Funeral service is a worthy profession. It is for those who are soft of heart, but strong in integrity and character. It is for those who are willing to work hard and to be of service to others. Funeral Directors impact the lives of thousands of people for good. They truly make a difference in the lives of families they serve.
Everyone can not be a good funeral director. It takes a person who loves people, who is compassionate, caring, sensitive to others, patient, and emotionally strong. It also takes a good communicator, especially one who listens well. Many funeral directors volunteer in their communities, serving in their churches, in local civic organizations, giving of their time, talent and treasure, outside of the work environment also.
There is a casket panel insert that reads, "May The Life That I Lived Speak For Me." The lives that funeral directors live speak volumes. I would like to salute funeral directors for their compassionate and professional service to the community.
On September 27th of this year, I was installed as President of the Los Angeles County Funeral Directors Association. Over 100 funeral service professionals and guests attended the organization's 55th installation of officers held at the Brookside Golf Club, here in Pasadena. I am honored to be President and would like to go on record saying that a career as a funeral director is one of the best in the world.
Funeral Directors truly bless others, but we are certainly blessed as a result. Father Boyle from Homeboy Industries has a saying that I love. He says, "service is a hallway to kinship." That is so true because funeral directors build quality and lasting relationships with many that they serve.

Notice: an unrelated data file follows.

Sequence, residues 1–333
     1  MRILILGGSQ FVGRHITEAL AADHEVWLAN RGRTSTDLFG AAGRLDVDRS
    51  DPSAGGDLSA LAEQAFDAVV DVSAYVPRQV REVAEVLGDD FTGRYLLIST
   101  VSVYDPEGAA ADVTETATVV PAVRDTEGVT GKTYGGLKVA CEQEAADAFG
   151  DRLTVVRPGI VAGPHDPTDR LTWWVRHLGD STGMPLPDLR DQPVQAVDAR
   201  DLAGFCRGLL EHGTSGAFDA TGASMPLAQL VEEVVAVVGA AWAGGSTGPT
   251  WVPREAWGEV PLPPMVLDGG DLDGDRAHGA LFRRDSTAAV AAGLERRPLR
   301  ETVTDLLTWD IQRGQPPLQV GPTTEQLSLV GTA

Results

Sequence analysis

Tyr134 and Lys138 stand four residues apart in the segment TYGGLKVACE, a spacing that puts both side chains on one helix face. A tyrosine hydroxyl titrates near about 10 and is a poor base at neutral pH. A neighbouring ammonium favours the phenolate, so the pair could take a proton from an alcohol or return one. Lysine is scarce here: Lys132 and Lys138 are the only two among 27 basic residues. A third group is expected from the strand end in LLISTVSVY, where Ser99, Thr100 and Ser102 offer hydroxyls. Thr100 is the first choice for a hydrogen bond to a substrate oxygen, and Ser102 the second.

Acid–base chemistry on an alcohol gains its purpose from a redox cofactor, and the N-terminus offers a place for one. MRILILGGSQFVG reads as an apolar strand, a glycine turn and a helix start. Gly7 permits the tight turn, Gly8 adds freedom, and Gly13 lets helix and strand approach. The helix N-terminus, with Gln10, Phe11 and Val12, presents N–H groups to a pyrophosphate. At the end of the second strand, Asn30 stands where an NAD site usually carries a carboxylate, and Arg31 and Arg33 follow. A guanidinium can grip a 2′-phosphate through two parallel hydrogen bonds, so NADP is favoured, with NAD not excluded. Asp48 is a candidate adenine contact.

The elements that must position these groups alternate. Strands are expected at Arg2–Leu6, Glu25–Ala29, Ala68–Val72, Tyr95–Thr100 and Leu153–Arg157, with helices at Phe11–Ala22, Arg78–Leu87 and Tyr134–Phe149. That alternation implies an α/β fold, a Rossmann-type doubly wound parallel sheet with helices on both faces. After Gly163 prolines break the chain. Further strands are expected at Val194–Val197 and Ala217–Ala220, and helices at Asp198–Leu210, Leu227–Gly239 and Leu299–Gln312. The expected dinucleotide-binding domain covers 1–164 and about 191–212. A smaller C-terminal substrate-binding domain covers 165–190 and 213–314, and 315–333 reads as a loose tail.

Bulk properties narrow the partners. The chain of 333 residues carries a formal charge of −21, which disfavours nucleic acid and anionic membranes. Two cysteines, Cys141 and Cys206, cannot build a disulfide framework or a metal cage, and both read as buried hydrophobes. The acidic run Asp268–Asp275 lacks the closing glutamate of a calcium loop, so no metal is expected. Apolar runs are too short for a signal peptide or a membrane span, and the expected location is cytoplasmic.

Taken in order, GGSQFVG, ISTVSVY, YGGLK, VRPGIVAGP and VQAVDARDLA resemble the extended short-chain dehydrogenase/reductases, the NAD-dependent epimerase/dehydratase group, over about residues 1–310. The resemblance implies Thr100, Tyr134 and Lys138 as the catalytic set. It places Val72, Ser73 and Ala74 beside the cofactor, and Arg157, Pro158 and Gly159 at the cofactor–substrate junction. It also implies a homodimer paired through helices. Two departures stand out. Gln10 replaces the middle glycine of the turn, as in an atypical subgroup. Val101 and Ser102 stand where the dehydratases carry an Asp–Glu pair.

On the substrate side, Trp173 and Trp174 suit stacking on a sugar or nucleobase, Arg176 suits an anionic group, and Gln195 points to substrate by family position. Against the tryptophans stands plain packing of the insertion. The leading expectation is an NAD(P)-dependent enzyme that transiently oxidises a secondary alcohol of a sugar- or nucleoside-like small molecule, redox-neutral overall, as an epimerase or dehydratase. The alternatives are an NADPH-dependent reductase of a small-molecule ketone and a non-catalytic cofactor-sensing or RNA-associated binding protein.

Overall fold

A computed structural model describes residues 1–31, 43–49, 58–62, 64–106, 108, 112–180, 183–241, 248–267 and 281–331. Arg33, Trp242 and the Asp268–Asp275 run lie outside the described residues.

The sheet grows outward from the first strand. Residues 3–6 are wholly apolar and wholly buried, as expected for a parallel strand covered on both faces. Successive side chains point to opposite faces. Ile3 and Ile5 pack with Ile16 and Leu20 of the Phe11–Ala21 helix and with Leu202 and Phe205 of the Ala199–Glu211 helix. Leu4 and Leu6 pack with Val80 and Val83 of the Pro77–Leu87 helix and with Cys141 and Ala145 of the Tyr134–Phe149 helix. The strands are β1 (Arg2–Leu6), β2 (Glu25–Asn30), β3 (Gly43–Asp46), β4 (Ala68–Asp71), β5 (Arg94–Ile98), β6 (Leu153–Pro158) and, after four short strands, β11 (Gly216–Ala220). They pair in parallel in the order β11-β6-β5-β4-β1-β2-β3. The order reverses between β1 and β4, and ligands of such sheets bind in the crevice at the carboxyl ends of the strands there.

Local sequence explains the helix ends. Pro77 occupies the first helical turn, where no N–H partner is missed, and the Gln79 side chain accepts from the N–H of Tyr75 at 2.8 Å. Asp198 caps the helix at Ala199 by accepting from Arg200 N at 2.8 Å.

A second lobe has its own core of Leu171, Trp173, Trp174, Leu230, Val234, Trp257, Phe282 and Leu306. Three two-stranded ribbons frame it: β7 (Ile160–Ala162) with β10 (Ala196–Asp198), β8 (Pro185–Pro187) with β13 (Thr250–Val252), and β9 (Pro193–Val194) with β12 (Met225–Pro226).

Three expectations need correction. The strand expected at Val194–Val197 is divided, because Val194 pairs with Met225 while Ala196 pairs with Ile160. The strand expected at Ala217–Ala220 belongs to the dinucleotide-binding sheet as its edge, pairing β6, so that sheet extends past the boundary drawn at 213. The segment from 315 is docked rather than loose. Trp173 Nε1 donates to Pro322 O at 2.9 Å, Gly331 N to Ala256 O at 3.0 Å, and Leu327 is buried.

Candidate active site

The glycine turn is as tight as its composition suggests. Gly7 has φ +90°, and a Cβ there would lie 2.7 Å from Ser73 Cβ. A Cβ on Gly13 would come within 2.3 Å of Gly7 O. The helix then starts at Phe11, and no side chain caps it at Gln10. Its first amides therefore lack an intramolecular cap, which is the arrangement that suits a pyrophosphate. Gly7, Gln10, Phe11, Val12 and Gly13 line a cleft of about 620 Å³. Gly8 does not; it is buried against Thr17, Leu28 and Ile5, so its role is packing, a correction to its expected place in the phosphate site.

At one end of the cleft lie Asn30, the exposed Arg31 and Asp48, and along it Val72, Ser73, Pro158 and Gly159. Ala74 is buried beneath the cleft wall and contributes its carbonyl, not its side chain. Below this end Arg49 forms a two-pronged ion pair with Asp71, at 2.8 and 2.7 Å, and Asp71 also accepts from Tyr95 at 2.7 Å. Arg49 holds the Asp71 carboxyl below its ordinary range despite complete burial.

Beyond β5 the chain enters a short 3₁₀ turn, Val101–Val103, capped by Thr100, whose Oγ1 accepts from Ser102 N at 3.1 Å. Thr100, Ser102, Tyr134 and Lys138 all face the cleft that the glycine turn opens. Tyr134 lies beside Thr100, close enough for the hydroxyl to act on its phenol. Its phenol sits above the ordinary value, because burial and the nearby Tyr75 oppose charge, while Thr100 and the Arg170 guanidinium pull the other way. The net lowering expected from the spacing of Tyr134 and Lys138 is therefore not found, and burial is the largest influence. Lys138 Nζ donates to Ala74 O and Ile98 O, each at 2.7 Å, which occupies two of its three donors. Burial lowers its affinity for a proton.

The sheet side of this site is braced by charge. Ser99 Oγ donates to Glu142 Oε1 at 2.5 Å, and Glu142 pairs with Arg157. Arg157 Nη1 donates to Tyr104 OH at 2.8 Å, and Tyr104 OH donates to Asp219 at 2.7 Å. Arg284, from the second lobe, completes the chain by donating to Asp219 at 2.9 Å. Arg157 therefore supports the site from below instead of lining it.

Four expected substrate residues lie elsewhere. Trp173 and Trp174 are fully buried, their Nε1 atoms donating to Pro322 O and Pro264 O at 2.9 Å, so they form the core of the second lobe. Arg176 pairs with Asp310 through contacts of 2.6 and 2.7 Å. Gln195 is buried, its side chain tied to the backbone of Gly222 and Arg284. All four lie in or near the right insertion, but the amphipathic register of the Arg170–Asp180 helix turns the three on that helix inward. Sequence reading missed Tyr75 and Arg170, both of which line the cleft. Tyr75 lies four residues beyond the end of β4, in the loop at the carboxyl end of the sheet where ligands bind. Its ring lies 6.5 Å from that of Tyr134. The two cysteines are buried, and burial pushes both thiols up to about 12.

When I was a little girl growing up, my parents took my sister Janyce and I on Sunday outings and on summer vacations. In our travel we often visited a mortuary. I remember wondering why we couldn't visit an amusement park or just go somewhere to play instead. I had to grow up to understand that it was because they loved their profession and had a plan to succeed. It was because they knew they needed to stay abreast of what was going on in the industry. They wanted to stay current re: new developments and practices, in order to better serve.
In my closing remarks at the installation, I shared that one of my goals as president is to continue the legacy that my parents handed down to me and the legacy the association has handed down to its members for 54 years. And that is a legacy of professionalism, cooperation and caring. I will emphasize and promote proposing to learn and grow, to identify and utilize best practices, to share information and resources with co-laborers in the industry and to genuinely care for those your serve.
My father, Fred W. Valentine, was president of the association I am now President of, in 1977-78. I honor him, as well as my mother, who is the "good woman" who stood not behind, but beside him throughout the years. In fact, I salute all funeral service professionals for the good works they do, and for the support they give.